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The DOJ delivers the Comey memos to Congress. Also on our rundown: More evidence that rent prices are out of reach in many markets; Wisconsin counties brace for sulfide mining; and the Earth Day focus this weekend in North Dakota is on recycling.

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Going Green in the Bluegrass State

A new report says a clean-energy economy could create tens of thousands of jobs in Kentucky, but only if the proper policies are in place. Credit: Secure Futures
A new report says a clean-energy economy could create tens of thousands of jobs in Kentucky, but only if the proper policies are in place. Credit: Secure Futures
November 18, 2015

FRANKFORT, Ky. - A clean-energy economy will benefit the environment and the wallets of Kentuckians, according to a new report from NextGen Climate America, a nonpartisan group aiming to advance low-carbon energy solutions.

Nationwide, the study says, an economy built on clean energy would create more than 1 million jobs by 2030 and double that by 2050. Daniel Lashof, chief operating officer for NextGen, says its analysis indicates a win, all around.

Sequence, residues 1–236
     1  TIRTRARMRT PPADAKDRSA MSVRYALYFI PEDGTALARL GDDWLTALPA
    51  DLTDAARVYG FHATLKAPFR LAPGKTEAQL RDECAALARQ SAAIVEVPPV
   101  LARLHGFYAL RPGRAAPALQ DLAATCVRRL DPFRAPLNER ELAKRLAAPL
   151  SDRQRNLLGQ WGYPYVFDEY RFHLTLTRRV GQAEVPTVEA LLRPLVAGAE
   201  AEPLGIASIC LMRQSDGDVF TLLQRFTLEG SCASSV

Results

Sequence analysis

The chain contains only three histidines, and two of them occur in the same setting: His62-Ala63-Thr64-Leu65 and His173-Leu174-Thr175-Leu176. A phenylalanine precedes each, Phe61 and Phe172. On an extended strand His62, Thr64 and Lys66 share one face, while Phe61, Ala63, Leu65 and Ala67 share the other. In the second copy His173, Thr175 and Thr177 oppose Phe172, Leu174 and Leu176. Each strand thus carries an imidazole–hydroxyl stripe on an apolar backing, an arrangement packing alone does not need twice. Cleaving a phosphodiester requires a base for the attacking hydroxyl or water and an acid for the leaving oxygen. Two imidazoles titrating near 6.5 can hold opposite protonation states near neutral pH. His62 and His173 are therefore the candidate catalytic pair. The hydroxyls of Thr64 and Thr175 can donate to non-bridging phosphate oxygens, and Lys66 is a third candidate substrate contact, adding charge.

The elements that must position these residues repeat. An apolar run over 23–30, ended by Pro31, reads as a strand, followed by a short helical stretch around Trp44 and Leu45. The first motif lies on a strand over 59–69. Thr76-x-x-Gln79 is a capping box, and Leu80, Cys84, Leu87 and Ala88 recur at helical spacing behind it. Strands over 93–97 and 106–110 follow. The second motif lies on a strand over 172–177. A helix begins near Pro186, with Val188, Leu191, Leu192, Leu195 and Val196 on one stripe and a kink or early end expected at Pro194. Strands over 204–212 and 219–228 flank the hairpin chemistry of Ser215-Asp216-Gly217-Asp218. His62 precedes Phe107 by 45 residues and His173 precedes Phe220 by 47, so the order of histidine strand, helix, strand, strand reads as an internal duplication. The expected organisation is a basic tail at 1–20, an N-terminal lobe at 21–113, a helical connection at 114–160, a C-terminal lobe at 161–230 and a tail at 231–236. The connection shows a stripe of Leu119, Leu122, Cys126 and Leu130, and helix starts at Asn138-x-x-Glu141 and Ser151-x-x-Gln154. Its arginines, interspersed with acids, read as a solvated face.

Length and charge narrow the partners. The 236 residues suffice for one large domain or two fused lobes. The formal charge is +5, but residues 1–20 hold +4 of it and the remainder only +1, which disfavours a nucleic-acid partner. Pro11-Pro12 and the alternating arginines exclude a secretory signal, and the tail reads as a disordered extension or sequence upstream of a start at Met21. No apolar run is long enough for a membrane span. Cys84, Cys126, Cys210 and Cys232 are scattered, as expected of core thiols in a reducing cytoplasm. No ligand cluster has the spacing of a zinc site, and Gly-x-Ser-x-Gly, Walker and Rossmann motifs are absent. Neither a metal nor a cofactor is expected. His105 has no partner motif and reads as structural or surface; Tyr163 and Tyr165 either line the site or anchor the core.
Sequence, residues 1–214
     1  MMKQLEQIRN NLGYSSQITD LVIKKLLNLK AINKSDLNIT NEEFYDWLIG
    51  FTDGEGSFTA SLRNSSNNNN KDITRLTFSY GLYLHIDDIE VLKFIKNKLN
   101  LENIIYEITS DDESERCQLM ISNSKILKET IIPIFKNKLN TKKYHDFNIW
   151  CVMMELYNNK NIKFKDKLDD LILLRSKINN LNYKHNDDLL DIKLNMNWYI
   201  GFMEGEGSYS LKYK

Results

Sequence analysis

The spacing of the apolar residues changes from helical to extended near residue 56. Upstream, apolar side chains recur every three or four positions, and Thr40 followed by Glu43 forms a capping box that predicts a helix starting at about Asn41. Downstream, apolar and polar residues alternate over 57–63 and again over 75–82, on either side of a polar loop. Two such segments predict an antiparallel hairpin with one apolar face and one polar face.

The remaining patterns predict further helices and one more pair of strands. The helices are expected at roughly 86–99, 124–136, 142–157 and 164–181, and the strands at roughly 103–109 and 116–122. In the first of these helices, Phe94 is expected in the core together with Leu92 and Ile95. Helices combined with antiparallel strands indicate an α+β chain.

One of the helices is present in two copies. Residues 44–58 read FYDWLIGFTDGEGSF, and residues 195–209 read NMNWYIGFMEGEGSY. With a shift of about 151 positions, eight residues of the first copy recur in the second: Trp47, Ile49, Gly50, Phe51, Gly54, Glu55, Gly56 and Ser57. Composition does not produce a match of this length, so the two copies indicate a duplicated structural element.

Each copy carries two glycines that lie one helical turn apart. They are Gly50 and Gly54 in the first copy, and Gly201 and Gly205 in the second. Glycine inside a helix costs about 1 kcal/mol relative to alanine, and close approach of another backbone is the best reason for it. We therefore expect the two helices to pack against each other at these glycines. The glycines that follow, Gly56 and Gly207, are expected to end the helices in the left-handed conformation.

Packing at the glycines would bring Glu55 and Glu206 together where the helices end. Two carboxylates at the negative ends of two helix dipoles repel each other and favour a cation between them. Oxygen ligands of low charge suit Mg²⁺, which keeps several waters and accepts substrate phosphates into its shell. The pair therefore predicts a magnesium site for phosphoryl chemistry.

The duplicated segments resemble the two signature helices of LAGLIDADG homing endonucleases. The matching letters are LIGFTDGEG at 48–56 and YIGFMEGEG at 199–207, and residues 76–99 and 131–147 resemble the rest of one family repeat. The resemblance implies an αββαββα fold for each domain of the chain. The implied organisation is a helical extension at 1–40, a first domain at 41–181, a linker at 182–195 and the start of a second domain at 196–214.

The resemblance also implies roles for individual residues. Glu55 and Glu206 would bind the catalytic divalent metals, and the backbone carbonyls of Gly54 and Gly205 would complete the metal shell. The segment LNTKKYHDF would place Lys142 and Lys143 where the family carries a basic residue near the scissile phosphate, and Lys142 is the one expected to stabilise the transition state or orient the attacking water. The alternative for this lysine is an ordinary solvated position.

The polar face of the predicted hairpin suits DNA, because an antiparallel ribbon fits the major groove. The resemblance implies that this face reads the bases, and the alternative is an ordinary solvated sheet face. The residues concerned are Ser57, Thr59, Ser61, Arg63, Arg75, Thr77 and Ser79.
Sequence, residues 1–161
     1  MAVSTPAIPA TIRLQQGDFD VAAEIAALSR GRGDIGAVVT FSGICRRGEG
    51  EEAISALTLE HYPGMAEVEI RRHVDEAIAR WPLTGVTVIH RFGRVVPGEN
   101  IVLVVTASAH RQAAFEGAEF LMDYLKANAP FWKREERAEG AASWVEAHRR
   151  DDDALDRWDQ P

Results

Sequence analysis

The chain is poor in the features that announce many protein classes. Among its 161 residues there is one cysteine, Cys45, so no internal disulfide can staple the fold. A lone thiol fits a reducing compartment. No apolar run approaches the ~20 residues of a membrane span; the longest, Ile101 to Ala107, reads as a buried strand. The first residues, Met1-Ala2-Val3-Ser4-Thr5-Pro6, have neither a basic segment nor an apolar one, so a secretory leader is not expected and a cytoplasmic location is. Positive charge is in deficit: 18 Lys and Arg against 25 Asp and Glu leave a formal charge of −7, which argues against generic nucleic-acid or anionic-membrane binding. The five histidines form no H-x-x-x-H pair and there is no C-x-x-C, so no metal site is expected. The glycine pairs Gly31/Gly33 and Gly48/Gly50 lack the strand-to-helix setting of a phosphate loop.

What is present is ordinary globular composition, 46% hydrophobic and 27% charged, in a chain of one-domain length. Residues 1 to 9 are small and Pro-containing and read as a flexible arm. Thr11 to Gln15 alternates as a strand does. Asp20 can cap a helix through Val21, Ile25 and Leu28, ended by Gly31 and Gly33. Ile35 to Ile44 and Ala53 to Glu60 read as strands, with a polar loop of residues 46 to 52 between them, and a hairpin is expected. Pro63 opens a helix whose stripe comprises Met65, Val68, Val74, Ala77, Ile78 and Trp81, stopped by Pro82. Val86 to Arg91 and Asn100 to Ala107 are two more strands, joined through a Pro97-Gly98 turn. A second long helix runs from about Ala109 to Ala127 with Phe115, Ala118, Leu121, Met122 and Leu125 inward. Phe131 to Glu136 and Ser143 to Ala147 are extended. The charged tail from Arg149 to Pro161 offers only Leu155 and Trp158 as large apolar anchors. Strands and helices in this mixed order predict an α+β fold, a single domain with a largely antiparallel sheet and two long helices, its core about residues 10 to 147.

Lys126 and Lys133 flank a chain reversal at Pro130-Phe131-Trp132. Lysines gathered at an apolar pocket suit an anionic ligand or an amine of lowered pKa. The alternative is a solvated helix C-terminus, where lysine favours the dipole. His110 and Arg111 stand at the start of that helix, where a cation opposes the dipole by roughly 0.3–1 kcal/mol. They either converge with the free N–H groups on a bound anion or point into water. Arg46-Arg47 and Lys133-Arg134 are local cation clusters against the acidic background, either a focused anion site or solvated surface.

"What we find is that a transition to clean energy will boost America's economy, while it reduces pollution and improves public health," says Lashof. "So, we see this as definitely a win-win."

Lashof says in Kentucky's geographic area, the east-south central region of the U.S., clean energy could boost employment by as much as 225,000 jobs by 2050.

He says Kentucky has the ability to leverage the growth of clean energy, if the proper policies are put in place.

"In the east-south-central region of the United States, it's actually a very strong region in the country, in terms of clean energy potential and the potential for that to boost employment particularly in construction, which sees the biggest gains," says Lashof.

In Kentucky, where coal supplies 93 percent of the state's power, many political leaders are opposed to the state writing its own plan for limiting carbon pollution. Tona Barkley, a grandmother of seven from Owen County and member of Kentuckians For The Commonwealth, thinks that has to change.

"We have leaders who have their heels dug in and say, 'We're not going to do anything, except resist.' And we need everybody's power, together, to turn them around," says Barkley.

Kentuckians For The Commonwealth has launched Empower Kentucky, what it describes as a grassroots push for a people's clean-energy plan.

Greg Stotelmyer , Public News Service - KY